Market Share For Green Bonds Slumped For Another Year Following Backlash

(Photo by Michael M. Santiago/Getty Images)

Daily Caller News Foundation logo
Will Kessler Contributor
Font Size:

Bonds that consider environmental, social and governance (ESG) factors for their investors made up just 2% of all bond issuance in the U.S., the lowest point in terms of market share since 2020 after also declining in 2022, according to Bloomberg.

ESG bond issuance as a percentage of the market reached an all-time high in 2021 and is not expected by analysts to reach that same high in 2024 as interest rates make the bond market pricier and backlash to the ESG label inhibits sales, according to data compiled by Bloomberg. ESG has come under fire by conservatives who see it as a left-wing initiative infecting the financial world, most recently leading Ohio Republican Rep. Jim Jordan, chairman of the House Judiciary Committee, to send subpoenas to financial firms Vanguard, Arjuna Capital, BlackRock and State Street Global Advisors over alleged ESG collusion, arguing it violates antitrust law. (RELATED: Top Social Media Companies Made Billions From Ads For Minors: REPORT)

“Calling attention to ESG through labeling your bond in the capital markets is probably a detriment right now and not an advantage as was the case when these markets first started,” Rob McDonough, director of ESG and regulatory initiatives at Angel Oak Capital Advisors, told Bloomberg.

The decline in the share of ESG bonds among the total amount of debt was most pronounced in the U.S. due to the backlash, while Europe had a smaller but still notable decline in 2023, according to Bloomberg. There still remains a substantial amount of ESG bond debt already embedded in the market, leading to lower issuance as investors struggle to find additional firms that meet their ESG requirements.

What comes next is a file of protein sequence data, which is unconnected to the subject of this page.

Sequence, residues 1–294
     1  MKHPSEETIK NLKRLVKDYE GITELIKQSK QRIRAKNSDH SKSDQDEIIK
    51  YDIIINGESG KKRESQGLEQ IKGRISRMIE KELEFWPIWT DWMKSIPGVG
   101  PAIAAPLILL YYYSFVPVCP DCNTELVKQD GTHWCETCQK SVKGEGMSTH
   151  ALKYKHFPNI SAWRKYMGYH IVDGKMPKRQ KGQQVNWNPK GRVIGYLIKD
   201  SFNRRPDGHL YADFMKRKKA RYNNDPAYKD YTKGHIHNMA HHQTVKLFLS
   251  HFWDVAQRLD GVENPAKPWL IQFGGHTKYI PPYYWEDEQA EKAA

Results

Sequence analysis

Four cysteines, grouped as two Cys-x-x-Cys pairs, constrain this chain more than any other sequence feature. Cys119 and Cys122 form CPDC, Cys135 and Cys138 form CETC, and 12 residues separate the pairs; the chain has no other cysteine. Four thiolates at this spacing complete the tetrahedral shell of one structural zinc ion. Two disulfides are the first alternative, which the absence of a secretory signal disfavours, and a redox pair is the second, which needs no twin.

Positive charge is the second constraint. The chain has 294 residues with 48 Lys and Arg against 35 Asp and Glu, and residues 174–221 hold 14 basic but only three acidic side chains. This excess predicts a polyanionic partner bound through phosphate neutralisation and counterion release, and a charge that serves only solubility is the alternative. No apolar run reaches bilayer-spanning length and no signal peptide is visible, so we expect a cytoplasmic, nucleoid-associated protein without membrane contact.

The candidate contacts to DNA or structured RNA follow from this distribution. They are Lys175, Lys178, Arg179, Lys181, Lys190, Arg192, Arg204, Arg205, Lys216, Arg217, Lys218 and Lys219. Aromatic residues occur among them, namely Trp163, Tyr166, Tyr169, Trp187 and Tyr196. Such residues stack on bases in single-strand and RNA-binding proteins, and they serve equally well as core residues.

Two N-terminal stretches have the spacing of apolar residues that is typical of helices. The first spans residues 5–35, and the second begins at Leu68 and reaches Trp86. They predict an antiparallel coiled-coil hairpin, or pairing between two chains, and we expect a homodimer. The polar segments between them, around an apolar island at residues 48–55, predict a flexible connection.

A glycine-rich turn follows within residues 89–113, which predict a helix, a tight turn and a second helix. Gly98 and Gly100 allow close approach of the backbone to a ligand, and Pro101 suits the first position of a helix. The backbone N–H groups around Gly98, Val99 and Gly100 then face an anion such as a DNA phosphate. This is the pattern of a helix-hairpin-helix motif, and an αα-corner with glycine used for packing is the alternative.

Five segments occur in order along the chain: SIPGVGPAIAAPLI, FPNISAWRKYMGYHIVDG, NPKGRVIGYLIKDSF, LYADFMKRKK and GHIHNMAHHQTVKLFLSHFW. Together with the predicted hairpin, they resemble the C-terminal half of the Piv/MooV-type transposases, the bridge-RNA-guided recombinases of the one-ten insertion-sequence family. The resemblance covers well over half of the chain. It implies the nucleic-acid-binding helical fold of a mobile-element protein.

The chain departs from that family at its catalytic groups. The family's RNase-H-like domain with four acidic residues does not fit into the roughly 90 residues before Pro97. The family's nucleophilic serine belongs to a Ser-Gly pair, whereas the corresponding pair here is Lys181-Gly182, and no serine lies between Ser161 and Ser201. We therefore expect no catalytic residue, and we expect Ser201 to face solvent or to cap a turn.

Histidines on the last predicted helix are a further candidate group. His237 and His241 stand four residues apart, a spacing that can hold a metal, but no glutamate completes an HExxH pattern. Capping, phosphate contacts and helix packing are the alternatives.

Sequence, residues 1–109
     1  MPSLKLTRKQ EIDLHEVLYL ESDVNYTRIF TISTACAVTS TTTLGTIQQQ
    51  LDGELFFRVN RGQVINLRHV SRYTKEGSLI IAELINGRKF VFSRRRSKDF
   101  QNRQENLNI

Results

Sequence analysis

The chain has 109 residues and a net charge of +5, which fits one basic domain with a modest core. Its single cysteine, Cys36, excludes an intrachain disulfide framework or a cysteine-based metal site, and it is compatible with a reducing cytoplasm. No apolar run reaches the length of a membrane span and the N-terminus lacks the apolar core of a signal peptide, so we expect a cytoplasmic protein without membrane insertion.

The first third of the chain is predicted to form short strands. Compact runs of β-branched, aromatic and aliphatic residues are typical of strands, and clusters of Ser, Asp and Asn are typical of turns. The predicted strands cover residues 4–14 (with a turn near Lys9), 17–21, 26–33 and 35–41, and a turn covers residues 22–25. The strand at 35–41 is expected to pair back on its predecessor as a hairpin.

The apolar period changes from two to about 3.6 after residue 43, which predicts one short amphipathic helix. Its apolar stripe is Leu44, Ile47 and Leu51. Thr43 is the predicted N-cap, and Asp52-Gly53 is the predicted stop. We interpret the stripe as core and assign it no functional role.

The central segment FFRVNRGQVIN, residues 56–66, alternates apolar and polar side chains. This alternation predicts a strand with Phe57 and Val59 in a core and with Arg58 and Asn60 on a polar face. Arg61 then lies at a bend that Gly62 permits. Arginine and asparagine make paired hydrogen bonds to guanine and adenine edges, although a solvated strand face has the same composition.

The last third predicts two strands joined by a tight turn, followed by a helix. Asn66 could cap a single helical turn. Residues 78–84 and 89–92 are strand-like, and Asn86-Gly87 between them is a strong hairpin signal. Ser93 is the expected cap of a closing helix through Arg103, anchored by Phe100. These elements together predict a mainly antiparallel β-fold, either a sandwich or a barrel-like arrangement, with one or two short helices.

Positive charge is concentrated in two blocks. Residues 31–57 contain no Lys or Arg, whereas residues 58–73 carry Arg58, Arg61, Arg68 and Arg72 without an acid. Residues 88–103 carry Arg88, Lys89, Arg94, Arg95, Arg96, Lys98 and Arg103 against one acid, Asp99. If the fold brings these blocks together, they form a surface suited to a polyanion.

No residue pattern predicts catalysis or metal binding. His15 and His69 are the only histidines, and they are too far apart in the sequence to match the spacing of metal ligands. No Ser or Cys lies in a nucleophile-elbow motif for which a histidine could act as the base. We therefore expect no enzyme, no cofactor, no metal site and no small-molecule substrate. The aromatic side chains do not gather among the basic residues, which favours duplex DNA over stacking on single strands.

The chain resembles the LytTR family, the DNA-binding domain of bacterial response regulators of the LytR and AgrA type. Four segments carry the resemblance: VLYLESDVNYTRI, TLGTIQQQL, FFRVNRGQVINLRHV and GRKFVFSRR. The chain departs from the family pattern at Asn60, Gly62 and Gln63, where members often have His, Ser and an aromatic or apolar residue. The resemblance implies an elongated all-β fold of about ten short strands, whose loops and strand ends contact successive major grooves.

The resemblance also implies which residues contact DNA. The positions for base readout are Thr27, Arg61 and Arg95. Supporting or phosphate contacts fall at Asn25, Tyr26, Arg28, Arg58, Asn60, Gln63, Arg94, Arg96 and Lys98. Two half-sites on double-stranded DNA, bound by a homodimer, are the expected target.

Despite the decline in relative bond issuance, borrowers still raised $527.5 billion in 2023, slightly below the record set in 2021 of $530.4 billion, according to Bloomberg.

High global interest rates set by countries’ central banks to combat worldwide inflation have also cooled demand for ESG bonds, as more investors avoid the less profitable bonds as overall security gains slump, according to Bloomberg. The U.S.’ Federal Reserve has set its federal funds rate to a range of 5.25% and 5.50%, the highest point in 22 years, following a bout of high inflation.

ESG has met particular scrutiny in the U.S., where Republican-led states, like Florida and Texas, have pulled their money from investment firm BlackRock over the company’s use of ESG investment. Republican-led states pulled almost $4.5 billion from BlackRock in 2022.

All content created by the Daily Caller News Foundation, an independent and nonpartisan newswire service, is available without charge to any legitimate news publisher that can provide a large audience. All republished articles must include our logo, our reporter’s byline and their DCNF affiliation. For any questions about our guidelines or partnering with us, please contact